For Kia, 2012 was the best of times and it was the worst of times. Well, for the last four-odd years it’s been mostly the best of times — an era of unprecedented growth for the upstart Korean marque. One of the fastest growing automakers in the United States, Kia has doubled sales since 2008. But the worst of times arrived in late October, when the EPA charged Kia and parent company Hyundai with inflating official mileage estimates.
Kia and Hyundai have since issued contrite apologies, offered their explanations and paid some penance — both in reputation and financially, to the tune of $187 million for Kia alone. But sales numbers haven’t slowed, and experts think that resale values won’t be hurt in the long run either. And hence Kia has put that ugliness in the rear view mirror.
Which brings us to two of the brand’s newest models: the 2014 Forte compact sedan and the mid-size Sorento SUV, landing amidst a Kia spring blossoming. In the past 30 or so months Kia unveiled nine new products, a rebirth that started with the quirky Soul in 2009 and is exemplified by the Optima, a superstar that’s now among the best-selling midsize sedans (whoever came up with that Blake Griffin/dunk contest detonation deserves a promotion).
Kia’s facelift can be attributed to chief designer Peter Schreyer, the German responsible for styling Volkswagen’s 1998 Beetle and the original Audi TT. Plucked from the VW Group in 2006, Schreyer demanded Kia junk what he called a “neutral” look for its own cogent design cues, namely the “Tiger Nose” grill. This movement has proven so successful that Schreyer was named Kia’s president less than two months ago — becoming the first non-Korean to hold the seat.
Having a designer in charge pays dividends with the new Forte, arguably the best looking compact car for sale in America. Its cab-forward style not only increases the Forte’s greenhouse but also conveys a sporty, coupe-like look, aided by optional 17-inch wheels that add an upscale touch. Inside the Forte develops the same driver-oriented cockpit as the Optima, and while this works great for the driver, it penalizes the front passenger. A 10-degree angle adjustment may be subtle, but trying to change radio channels riding shotgun during the test drive in Arizona was a frustrating and arm-stretching ordeal.
For tech, the Forte packs the usual accouterments, from USB ports to Bluetooth connections, along with higher-end options such as power folding mirrors and HID headlights — a sizable roster for a name built on value.
The mid-size Sorento SUV has undergone so much change that most automakers would call it close enough to all-new. But its development embodies the critical Hyundai-Kia conundrum: both brands want to remain fiercely independent and be seen as singular entities, yet as they evolve their chromosomes mutate closer to the other.
Two years ago, Hyundai moved production of its own mid-size crossover SUV, the Santa Fe, from Alabama to Kia’s factory in western Georgia. The idea for moving Santa Fe production to the Sorento plant was so the two models could share more parts from the bin — a thrifty move for the bottom line, but one that inevitably brings them ever closer together. Considering its new chassis, new base powertrain (its 2.4L direct-injection engine is now standard) and re-designed exterior, why not call the Sorento “new”? Because that would leave the life cycle of the Sorento incestuously close to its Santa Fe cousin. Both brands wail about their independence like twentysomethings still living at home, but when you share a house and a bank account, it’s not the strongest argument.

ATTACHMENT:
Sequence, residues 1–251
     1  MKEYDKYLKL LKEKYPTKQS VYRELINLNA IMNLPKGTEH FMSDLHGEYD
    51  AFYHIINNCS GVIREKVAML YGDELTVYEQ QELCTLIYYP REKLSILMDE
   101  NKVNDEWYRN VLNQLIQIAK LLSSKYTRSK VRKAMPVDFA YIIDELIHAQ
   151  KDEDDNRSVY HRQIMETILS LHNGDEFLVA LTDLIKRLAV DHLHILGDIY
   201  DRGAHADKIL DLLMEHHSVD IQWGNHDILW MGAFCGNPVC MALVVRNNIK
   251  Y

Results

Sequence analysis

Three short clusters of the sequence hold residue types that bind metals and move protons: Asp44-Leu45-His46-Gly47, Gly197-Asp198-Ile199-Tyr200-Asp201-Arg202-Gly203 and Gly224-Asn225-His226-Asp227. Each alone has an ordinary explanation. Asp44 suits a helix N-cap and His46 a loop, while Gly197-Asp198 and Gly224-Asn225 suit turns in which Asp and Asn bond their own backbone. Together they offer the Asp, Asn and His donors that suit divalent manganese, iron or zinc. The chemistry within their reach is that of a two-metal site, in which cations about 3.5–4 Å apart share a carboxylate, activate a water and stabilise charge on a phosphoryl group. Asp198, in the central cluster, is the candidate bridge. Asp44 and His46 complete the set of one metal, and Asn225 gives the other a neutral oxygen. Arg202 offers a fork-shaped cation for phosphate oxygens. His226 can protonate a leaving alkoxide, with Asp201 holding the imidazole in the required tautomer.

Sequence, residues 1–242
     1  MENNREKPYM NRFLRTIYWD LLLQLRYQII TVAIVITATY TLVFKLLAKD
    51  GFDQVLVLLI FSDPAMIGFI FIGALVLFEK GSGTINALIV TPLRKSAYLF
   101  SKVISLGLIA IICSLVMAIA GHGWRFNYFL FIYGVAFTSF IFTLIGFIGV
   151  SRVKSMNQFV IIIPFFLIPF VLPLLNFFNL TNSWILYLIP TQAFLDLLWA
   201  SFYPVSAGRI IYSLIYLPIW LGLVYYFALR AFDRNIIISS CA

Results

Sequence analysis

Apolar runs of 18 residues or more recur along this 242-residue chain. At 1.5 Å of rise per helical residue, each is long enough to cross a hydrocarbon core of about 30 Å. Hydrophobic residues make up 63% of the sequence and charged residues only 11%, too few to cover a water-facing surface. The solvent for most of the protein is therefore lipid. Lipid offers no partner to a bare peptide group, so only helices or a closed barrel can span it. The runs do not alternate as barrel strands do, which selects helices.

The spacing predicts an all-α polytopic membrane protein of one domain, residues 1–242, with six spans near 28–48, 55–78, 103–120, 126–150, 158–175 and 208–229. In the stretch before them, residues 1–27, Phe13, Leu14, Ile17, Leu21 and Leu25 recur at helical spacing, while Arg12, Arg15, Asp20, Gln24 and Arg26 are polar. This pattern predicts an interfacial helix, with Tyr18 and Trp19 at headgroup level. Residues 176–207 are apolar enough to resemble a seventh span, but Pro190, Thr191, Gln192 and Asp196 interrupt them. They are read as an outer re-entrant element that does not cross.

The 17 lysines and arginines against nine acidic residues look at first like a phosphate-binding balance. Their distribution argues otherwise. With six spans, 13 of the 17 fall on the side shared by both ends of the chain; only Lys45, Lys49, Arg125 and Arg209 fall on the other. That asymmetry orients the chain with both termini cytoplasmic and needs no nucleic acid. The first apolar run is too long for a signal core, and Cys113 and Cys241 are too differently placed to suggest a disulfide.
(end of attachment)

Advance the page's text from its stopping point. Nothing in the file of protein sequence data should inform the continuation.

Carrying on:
The Sorento is a fine crossover SUV, reasonably attractive in a segment that's about as exciting as wet socks. It too comes with a suite of optional amenities like Torque Vectoring Cornering Control, sunshade blind on the 2nd row windows, new panoramic roof, dual-ventilated front seats and optional heated second-row seats — unique to the segment. But what truly highlights both the Sorento and the Forte is how considerate they are.
The touchscreen navigation is understandable in seconds. When playing a song on your iPhone via the stereo there’s no need to press a fast forward or rewind button — just move the slider to whatever point you want on the track. These may seem like minor details, but they are what separate a vehicle from its competition. The $100,000 2013 Range Rover I drove just the week before lacked an extendable sun visor for the driver, resulting in a scorched and throbbing forehead. Both the Forte and Sorrento had them.
Which brings us to the future of Kia, which at the Detroit auto show in January debuted its Cadenza, the new flagship in the Kia line-up. Built from the skeleton of the full-size $32,200 Hyundai Azera, the motivation for the car came from the high number of Optima sales going for $25,000 and beyond. When a journalist asked why Kia was treading into the premium cars, an executive brashly retorted “Why not?”
The confidence isn’t necessarily arrogant or undue — if a hole exists in a market, why not try to fill it? But there’s an air of cockiness in Kia, and it’s growth means it has some house money to play with. If the Cadenza fails, well then so what? The only other option is to surrender the segment. And in 2013, Kia has no plans to acquiesce anything.
Beyond the Cadenza lies the realm of executive sedans that Hyundai has tried to broach with the $36,000 Genesis and the $50,000 Equus, with modest success. Kia already sells the Genesis-based Quoris in South Korea, Russia and the Middle East. Could a “value” brand like Kia, even one which has made such major gains, make a splash with a luxury model? The auto industry knows what happened with Volkswagen’s stab at the segment with its ill-received Phaeton, but that stumble doesn’t seem to scare the Kia cabal. And at this point, why should it?